This project does not have to be the same as the one where your BigQuery tasks are stored. For BigQuery Reservations resources, Google advises having a separate project. Because it centralizes the billing and monitoring of your commitments, this project is termed the administration project.
For instance, you can give your admin project a descriptive name like hdq-ORGANIZATION_NAME-admin. Then, to hold your BigQuery jobs, create one or more independent projects.
Step 3: Estimate how many Slots you have to Purchase
BigQuery is designed to scale linearly as resources are added. Depending on your workload, total capacity is likely to provide incremental benefits. As a result, based on your performance, throughput, and utility requirements, determine the appropriate amount of slots to purchase.
Note: It is essential that when buying reserved slots in BigQuery, you must figure out how many slots you’ll need for your workload. You can use the slot estimator to examine performance and model the effect of adding or reducing slots. The slot estimator can be used for both Flat-rate and On-demand billing.
Step 4: Create a Commitment
Purchase dedicated slots to accomplish this. In general, the more slots you buy, the more concurrent queries you can execute, and the faster complex queries will run. Also, the lower the price per slot, the longer the commitment.
There are numerous commitment plans from which to pick. They differ mostly in terms of price and the length of time you want for the commitment.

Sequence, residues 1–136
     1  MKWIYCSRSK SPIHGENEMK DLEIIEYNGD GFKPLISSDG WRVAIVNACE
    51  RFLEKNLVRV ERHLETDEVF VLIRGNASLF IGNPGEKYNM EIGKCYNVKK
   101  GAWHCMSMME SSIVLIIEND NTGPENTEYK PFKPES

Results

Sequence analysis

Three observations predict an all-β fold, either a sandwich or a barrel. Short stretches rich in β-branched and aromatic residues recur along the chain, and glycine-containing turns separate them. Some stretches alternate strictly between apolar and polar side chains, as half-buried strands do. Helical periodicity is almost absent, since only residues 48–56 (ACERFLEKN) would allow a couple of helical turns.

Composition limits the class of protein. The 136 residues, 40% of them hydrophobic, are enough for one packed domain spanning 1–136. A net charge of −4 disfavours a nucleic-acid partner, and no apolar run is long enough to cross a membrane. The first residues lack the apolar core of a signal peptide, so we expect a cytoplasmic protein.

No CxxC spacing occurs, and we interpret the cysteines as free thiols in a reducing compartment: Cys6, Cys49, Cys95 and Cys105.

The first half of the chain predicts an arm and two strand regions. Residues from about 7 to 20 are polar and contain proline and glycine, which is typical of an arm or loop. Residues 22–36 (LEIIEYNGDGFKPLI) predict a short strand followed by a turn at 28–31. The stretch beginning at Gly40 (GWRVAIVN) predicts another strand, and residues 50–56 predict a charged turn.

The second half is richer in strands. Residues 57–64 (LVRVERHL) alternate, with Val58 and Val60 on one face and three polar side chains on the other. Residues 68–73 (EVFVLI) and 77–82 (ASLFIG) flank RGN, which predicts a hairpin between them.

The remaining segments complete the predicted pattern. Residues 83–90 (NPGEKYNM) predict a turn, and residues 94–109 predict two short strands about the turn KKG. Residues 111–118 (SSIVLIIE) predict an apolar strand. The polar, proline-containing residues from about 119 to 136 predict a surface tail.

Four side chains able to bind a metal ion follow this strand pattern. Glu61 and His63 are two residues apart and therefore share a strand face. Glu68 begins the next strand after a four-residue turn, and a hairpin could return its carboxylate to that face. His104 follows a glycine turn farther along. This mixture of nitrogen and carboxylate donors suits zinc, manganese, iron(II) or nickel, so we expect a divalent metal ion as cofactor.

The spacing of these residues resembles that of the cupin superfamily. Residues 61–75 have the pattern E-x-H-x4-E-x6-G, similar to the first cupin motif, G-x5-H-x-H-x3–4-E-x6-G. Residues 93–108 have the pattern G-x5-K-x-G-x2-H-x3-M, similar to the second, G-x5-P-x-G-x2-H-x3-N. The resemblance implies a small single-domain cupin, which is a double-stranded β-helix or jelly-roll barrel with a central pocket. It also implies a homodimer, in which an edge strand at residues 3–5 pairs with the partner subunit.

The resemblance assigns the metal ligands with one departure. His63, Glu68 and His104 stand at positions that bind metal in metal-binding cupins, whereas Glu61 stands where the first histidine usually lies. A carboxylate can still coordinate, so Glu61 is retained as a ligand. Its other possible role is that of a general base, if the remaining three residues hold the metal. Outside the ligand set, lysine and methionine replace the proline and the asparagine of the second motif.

Note: You can’t change a commitment to a different administration project once it’s been created.
Step 5: Assign the Slots to a Project
You must assign one or more projects, folders, or organizations to a reservation in order to use the slots you’ve purchased.
Note that the assignment from the level above is passed down to each level in the resource hierarchy. If a project or folder is not allocated, it will automatically share slots with other projects and folders in your organization.
Assume you have 1,500 slots available and 4 workload types: Web Design, Graphics Design, E-commerce, and Content Writing. You can:
- Create a WD reservation with 700 slots, and assign all relevant projects to the WD reservation.
- Create a GD reservation with 400 slots, and assign projects you use for Graphics Design workloads to the GD reservation.
- Create an EC reservation with 200 slots, and assign projects connected to your E-commerce workloads to the EC reservation.
- Create a CW reservation with 200 slots, and assign projects connected to your Content Writing workloads to the bi reservation.
You can isolate your commitment across workloads, teams, or departments by creating extra reservations and assigning projects to these reservations.
In this tutorial, you have learned about the important BigQuery reservations terminologies, the 2 pricing models, and how to manage workload using BigQuery Reservations. The idea behind reservations is to allocate slots to a set of projects. Then, assign the workloads on these projects based on the selected pricing model and the required slots.
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Share your experience of working with BigQuery reservations in the comments section below.